We were raised by people who came of age in the 60s, in a country that was deeply divided by the war in Viet Nam and grappling with racial and gender inequality. There was optimism and confidence that came from watching astronauts walk on the moon while there was also fear of communism pushing democracy aside. This backdrop informed its own parenting legacy, complete with some positive aspects and some negative. Fast forward to today, and our desire to nurture our children has created its own consequences – with a mixed outcome. There is no doubt that each generation will form a new parenting legacy in response to the way they were raised. You can see it in both larger cultural expressions and in individual family expressions.
Why is this important? When you acknowledge that relationships are our most cherished and valuable assets, you recognize the importance of your parenting legacy. Whether you are a snowplow parent, the parent of one, or an advisor to a generation of them, remember that we’re all just trying to do our best for our families.
Some of the behaviors we thought were helpful are not. Condemning them isn’t helpful. Work to change them instead. Rather than clearing the road ahead, focus on providing the skills and support so the kids can drive the plow on their own road. It’s actually important – no essential – for kids to fail. They must fail and rebound to develop confidence in their ability to recover from loss, failure, embarrassment and mistakes. As parents, we need to back off and become more comfortable wiping the playground scrapes from their palms, letting them feel frustrated, sad and angry and sit with them as they dust themselves off and prepare to try again. This is easier said than done since we’ve convinced ourselves that the better we are at protecting our kids from pain, the more effective we are as parents. It’s work worth doing.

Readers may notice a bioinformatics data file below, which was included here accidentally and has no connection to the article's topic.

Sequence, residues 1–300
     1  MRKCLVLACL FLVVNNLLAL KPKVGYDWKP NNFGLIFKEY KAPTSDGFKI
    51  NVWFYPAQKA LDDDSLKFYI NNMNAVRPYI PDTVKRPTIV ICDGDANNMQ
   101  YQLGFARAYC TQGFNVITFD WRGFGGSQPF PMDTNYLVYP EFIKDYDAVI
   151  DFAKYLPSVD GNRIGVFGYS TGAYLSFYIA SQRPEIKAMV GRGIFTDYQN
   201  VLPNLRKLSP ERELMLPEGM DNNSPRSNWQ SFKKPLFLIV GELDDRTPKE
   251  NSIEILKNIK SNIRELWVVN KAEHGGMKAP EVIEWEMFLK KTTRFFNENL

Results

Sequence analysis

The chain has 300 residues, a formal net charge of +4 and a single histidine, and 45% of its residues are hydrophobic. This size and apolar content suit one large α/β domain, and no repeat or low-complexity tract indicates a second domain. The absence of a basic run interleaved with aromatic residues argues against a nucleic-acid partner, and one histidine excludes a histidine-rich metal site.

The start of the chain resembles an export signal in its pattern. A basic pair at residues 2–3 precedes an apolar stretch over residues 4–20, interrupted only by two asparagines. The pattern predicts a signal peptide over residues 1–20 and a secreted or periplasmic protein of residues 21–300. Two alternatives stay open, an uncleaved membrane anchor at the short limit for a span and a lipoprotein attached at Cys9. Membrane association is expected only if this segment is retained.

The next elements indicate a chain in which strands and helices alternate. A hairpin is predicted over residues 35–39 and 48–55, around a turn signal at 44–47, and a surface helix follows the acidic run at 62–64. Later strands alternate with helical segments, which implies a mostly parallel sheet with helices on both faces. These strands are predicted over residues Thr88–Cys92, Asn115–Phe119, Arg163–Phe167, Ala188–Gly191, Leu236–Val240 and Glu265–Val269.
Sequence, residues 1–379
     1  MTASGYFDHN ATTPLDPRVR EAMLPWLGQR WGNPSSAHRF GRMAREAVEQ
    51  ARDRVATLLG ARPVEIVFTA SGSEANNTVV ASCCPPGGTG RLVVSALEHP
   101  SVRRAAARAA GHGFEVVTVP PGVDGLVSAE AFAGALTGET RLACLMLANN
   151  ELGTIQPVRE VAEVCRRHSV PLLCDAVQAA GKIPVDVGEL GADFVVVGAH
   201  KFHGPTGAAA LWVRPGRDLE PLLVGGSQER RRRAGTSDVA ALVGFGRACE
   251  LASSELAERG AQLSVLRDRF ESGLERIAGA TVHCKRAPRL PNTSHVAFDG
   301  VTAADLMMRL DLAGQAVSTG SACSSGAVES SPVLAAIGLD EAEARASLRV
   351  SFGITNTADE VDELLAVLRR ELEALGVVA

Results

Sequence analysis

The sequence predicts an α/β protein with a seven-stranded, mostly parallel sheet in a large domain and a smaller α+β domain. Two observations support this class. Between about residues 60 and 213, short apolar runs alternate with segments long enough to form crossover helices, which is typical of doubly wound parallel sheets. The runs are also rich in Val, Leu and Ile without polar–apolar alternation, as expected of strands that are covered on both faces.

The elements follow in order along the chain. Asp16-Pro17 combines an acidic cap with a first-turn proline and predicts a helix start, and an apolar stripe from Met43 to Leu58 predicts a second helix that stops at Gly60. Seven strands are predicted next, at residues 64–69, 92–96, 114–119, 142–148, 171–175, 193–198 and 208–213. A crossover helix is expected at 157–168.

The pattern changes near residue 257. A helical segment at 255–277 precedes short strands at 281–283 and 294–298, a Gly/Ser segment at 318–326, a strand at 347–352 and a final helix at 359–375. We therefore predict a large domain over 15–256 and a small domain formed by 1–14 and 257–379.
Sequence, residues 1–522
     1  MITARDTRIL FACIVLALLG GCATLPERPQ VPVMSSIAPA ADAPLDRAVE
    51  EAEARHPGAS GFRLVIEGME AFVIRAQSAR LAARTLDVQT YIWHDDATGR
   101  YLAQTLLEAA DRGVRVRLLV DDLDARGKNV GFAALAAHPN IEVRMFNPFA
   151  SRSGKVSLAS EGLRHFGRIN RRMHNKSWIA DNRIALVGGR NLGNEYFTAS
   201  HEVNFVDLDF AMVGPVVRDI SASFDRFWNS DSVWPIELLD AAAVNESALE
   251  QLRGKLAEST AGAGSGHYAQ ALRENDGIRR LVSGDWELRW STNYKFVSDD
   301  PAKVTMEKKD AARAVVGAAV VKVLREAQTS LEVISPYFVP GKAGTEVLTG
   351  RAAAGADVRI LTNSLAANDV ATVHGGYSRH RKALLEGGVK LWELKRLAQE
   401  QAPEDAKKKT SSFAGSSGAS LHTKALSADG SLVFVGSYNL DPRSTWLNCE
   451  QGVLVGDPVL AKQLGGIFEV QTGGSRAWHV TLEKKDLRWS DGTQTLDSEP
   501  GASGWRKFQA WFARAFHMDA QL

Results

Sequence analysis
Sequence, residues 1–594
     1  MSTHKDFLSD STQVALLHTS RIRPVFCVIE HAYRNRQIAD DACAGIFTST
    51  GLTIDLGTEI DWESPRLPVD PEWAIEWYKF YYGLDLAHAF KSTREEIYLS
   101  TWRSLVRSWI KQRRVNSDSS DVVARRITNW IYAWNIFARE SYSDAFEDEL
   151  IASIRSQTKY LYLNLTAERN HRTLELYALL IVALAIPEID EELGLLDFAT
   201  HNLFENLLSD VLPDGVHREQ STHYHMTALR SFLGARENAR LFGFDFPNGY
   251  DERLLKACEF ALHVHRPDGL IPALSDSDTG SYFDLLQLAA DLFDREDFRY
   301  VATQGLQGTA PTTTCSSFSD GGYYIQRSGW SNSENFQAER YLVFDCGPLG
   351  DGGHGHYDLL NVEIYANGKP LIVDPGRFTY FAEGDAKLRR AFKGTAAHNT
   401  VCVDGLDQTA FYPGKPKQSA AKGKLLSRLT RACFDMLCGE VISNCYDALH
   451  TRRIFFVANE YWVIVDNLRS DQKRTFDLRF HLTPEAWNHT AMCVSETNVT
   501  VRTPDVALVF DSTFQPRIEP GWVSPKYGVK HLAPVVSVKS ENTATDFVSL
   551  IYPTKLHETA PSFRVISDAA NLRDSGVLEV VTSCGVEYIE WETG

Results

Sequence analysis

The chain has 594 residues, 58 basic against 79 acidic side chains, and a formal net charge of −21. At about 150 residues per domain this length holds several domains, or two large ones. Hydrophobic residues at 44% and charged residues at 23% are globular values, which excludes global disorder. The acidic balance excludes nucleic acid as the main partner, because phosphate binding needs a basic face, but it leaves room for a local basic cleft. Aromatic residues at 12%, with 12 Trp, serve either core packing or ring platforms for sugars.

And for those of you who work with the generation of helicopter / snowplow parents, remember that these parenting behaviors come from a place of deep love for our children. Your job is to help loosen their grip on the steering wheel of the big rig that been clearing the obstacles. Rather than judge them, look at how to support those parents and help them change the behavior that creates the negative consequences.
We often focus on what we can measure, which means when we think about our legacy, we go straight to money. Don’t forget that nurturing relationships requires time and attention too. These intangibles are likely to be more valuable to our children than the financial assets we leave behind.